With snow on the mountains and a fresh crispness to the air, winter walks in the Lake District are an absolute delight. And with fewer people around, you can really enjoy the beauty and tranquillity of the national park.
As always, remember to be fully prepared when out walking in the Lake District. Ensure you have appropriate clothing and footwear, and always carry a map, compass and torch (just in case). This is even more important during the winter when temperatures can easily drop below freezing and the days are shorter.
Once you’re all packed up and prepared, enjoy our pick of the best winter walks in the Lake District!
The iconic mounds of Catbells are easily recognisable to anyone familiar with the North Lakes. It’s also one of the most popular routes in the area and a great option if you’re looking for easy Lake District winter mountain walks. There is parking on the low northern slopes, once you’ve passed through Portinscale, though it’s best to get there early to ensure a place for yourself.
From there, the route is signposted and the path is clear. The trickiest bit is a small amount of scrambling halfway up, but even that won’t stop most people (just be careful of slipping). At the top, for a relatively minimal amount of effort, you’ll have stupendous panoramic views of Derwentwater, Skiddaw, Borrowdale, and the Newlands Valley.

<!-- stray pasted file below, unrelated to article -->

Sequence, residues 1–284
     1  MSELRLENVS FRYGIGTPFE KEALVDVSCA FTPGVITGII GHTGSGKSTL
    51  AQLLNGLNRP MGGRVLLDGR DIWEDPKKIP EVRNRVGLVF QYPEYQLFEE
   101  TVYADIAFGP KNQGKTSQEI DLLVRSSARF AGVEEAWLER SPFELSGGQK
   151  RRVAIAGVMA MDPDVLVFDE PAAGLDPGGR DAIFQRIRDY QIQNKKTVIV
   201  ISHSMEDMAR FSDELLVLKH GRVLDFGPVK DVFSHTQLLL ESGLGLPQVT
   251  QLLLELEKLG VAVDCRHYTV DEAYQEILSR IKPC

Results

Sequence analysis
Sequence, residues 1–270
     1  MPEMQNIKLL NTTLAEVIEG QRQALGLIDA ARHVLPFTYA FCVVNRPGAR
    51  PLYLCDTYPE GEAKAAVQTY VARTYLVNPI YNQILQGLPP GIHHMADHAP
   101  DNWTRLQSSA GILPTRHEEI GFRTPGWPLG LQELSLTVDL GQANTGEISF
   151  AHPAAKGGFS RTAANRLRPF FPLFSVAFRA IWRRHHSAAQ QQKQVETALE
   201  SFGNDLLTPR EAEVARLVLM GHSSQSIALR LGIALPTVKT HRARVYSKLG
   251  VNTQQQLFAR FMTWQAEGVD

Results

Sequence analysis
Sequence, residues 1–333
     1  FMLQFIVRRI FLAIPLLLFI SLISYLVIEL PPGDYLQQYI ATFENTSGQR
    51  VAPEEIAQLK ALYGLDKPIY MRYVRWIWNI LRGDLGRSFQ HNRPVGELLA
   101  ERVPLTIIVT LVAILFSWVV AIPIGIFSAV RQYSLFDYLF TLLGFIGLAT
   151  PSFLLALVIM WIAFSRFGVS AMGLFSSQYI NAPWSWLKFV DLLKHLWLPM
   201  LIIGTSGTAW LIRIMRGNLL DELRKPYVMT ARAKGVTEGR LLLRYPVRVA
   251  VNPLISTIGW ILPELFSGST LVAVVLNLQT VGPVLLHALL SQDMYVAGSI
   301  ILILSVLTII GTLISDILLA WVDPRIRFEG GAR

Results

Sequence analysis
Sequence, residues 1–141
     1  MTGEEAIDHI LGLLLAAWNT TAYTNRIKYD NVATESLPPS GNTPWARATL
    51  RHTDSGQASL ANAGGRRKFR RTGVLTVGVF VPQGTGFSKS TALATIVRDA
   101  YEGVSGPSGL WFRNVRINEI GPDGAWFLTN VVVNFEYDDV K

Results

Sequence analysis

Continue south and then follow the path left to reach the car park via a clearly marked path.
Cottages in Portinscale
Thanks to the extra rain in winter, the waterfalls in the Lake District are at their absolute best, and none more so than beautiful Aira Force!
Hidden away in the woods just beyond the shores of Ullswater, this waterfall is a real sight to behold. A pretty stone bridge spans the top of the falls, and the deep pool at the bottom has an air of the mystical. Park at the large National Trust car park and follow the walking trail all the way to the top. If you’re really lucky, you may even see the rare sight of a completely frozen waterfall!
Cottages at Ullswater
Grasmere and Rydal Water